Bumblebees are some of the most unusual and endearing creatures in nature. They are large and fuzzy with tiny wings in proportion to their body size, and, until very recently, many people believed that bumblebees shouldn’t even be able to fly — they violated the rules of physics!
In seeking the reasons how bumblebees are able to fly, the explanations quickly turn toward aerodynamic flow terms such as “dynamic stall” and “leading edge vortex.” It makes you wonder if bumblebees only knew how much of a puzzle they still are to scientists and engineers.
But, bumblebees and other native wild bees are in real trouble throughout the United States. The loss of pollinating services of bees is a matter of major concern in areas dependent on certain types of crops, fruits and nuts. The rusty patched bumblebee, Bombus affinis, is one of those bee species so endangered that it was approved for listing as a federally endangered species under the Endangered Species Act.
The rusty patched bumblebee is distinctive, with an all-black head and a reddish patch on the backs of workers and males. Queens, which are larger, do not have the reddish patch on their backs. Up until about 20 years ago, this wild bumblebee was a regular resident of fields, farms, parks and backyards. It was once common and even abundant throughout the Central and Eastern United States where its range extended to more than 30 states.
However, for a variety of reasons, including disease transmitted from commercially raised bumblebees, loss of critical habitat, poisoning from pesticides and the effects of climate change, the numbers and distribution of the rusty patched bumblebee have declined almost 90 percent in just this brief period. It is now found in just 14 states in disconnected populations.
While a number of factors are cited in the decline of rusty patched bumblebees, two causes stand out — the effects of certain insecticides, especially neonicotinoids, that are particularly toxic to native bees, and the use of commercially raised bumblebees that are infected with a pathogen called Nosema bombi that infects wild bees, as commercial bees are transported to orchards and farms for pollination services.
Two other larger scale factors are also likely in the decline of the rusty patched bumblebee — climate change and habitat loss. Climate change may impact the reproductive cycle of this species if pollen-bearing flowers and trees in the late season have already bloomed and are not available for new queens and males to start the cycle to begin new hives for the following year.
Meadows and Wildflowers Essential for Bee Habitat
Habitat loss has also been a significant cause in the decline of many wild bee species and may be one of the greatest threats to pollinators in certain areas. Meadows, grasslands and prairies are vital habitats for bees, certain types of songbirds and other valuable wildlife species. However, these habitats have been disappearing at an astonishing rate, as our landscape is transformed by development for homes, infrastructure, commerce, and energy.
To restore such habitats, the prescription is simple: “Shift from turf to meadows. Remove invasives, encourage a diversity of wildflowers and mow once per year to keep saplings down,” says Sam Droege, United States Geological Survey scientist and head of the national Bee Monitoring and Inventory Lab. “This will make great bumblebee habitat — and great habitat for birds and butterflies and other wildlife,” says Droege.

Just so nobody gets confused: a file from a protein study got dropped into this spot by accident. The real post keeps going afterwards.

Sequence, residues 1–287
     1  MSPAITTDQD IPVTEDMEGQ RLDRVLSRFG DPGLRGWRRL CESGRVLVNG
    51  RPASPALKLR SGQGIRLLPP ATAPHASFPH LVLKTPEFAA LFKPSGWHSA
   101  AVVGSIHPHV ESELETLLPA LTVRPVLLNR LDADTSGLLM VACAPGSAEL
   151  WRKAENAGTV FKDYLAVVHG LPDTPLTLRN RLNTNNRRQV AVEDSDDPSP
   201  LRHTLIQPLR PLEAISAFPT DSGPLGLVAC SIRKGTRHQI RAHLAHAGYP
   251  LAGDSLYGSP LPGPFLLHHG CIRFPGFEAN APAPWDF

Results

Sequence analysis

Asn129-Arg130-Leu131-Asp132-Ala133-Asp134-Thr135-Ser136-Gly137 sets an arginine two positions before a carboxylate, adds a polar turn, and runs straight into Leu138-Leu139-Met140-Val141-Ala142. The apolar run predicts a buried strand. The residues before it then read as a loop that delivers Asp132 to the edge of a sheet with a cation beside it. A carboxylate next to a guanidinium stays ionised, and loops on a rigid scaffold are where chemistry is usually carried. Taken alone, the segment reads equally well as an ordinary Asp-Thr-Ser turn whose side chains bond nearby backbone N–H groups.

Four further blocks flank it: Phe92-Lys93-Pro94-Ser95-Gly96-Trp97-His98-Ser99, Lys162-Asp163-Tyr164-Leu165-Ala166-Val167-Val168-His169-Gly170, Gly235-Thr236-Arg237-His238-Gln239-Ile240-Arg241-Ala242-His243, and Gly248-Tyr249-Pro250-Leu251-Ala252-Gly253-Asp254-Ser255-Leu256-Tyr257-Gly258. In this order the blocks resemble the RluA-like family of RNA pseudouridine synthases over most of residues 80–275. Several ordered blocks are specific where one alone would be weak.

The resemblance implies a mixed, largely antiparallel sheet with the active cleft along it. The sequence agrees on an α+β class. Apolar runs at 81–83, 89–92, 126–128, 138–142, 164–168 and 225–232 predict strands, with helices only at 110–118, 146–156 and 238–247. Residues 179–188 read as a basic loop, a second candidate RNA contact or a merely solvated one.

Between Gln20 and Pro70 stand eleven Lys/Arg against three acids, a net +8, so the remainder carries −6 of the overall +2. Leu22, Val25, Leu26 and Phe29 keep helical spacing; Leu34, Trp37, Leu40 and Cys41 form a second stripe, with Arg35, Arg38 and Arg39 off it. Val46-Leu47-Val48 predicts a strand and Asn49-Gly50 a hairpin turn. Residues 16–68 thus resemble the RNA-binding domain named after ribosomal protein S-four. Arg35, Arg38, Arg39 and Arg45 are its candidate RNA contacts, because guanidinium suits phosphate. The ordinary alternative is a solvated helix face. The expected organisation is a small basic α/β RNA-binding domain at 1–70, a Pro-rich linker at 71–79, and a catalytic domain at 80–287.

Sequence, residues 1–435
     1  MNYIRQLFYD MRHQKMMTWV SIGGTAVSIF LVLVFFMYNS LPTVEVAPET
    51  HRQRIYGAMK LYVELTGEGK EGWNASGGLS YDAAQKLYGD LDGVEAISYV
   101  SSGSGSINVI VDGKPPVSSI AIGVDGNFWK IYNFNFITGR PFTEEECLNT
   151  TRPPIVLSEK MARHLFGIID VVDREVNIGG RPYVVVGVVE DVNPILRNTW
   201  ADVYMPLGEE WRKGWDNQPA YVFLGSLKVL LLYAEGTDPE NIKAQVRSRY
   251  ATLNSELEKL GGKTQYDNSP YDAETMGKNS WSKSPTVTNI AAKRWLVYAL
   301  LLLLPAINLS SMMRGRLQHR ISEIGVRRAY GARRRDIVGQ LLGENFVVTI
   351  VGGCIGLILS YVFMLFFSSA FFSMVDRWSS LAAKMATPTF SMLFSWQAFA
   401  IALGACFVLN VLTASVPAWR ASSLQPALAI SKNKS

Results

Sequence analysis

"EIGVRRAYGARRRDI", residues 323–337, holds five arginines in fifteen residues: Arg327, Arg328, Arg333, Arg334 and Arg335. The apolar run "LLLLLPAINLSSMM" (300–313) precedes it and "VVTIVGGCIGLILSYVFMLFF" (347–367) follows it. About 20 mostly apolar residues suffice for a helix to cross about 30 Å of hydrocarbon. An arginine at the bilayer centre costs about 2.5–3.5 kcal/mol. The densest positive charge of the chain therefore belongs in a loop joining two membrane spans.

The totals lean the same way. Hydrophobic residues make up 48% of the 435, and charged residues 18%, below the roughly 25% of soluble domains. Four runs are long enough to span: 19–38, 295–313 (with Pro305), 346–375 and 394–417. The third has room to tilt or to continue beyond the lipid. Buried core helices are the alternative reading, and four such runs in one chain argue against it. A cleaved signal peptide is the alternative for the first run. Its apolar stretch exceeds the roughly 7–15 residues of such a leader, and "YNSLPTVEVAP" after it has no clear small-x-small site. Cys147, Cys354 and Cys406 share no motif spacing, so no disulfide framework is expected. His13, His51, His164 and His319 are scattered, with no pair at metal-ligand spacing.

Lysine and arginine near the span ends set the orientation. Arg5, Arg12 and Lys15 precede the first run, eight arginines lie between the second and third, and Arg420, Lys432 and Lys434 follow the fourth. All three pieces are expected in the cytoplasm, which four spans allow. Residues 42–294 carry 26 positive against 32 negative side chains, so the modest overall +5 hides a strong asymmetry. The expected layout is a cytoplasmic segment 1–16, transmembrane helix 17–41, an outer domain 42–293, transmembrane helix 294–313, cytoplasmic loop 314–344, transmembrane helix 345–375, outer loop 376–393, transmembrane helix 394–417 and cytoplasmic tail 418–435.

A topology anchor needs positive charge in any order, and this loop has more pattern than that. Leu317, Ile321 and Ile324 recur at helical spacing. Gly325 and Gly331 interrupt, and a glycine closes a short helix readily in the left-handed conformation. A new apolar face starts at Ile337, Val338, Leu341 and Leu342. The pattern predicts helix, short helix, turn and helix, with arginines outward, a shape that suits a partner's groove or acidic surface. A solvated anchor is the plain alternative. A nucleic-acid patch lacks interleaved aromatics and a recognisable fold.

Habitat for wild bees doesn’t need to be large. In searching for people who have seen the fast-disappearing rusty patched bumblebees, I talked with Clarence ‘Sparky’ Sparks, a member of the board of the Friends of Patuxent, a volunteer group at the Patuxent Research Refuge, a national wildlife refuge near Laurel, Maryland. Sparky is an avid citizen scientist who has transformed his yard in Severn, Maryland, into a diversified landscape that is ideal for pollinators. He says he has planted native flowering trees and five garden beds with bee balm, asters, goldenrod, milkweed, boneset and other native plants. “I try to have a variety of plants and trees that bloom the maximum length of time throughout the season,” he says. “Originally, I planted to attract butterflies, but I found that all my landscaping for butterflies has been beneficial and attractive to bees as well.”
He has had rusty patched bumblebees in his yard. “The ‘patch’ is very distinctive. At first you think they might be carrying a lot of pollen, but up close you can tell it’s a reddish patch on their back,” he says.
First Bee to Be Listed as an Endangered Species
In January 2017, the rusty patched bumblebee became the first bee in the continental United States to be listed under the Endangered Species Act (seven have been listed in Hawaii). This action by the U.S. Fish and Wildlife Service was in response to a petition from the Xerces Society for Invertebrate Conservation.
In a breaking news update, as this issue of Parks & Recreation was going to press, the President’s Executive Order halting all federal regulations froze the listing for 60 days until March 21, 2017. For more on the implications of freezing of this ESA listing the rusty patched bumblebee, see NRPA’s Open Space blog.
Regardless of the implementation of the endangered species legislation, many fear that this species is headed toward extinction and all efforts should be made to aid in its recovery, something that parks can clearly aid in.
A variety of excellent resources on the rusty patched bumblebee can be found on the Xerces Society website.
Richard J. Dolesh is NPRA’s Vice President for Strategic Initiatives.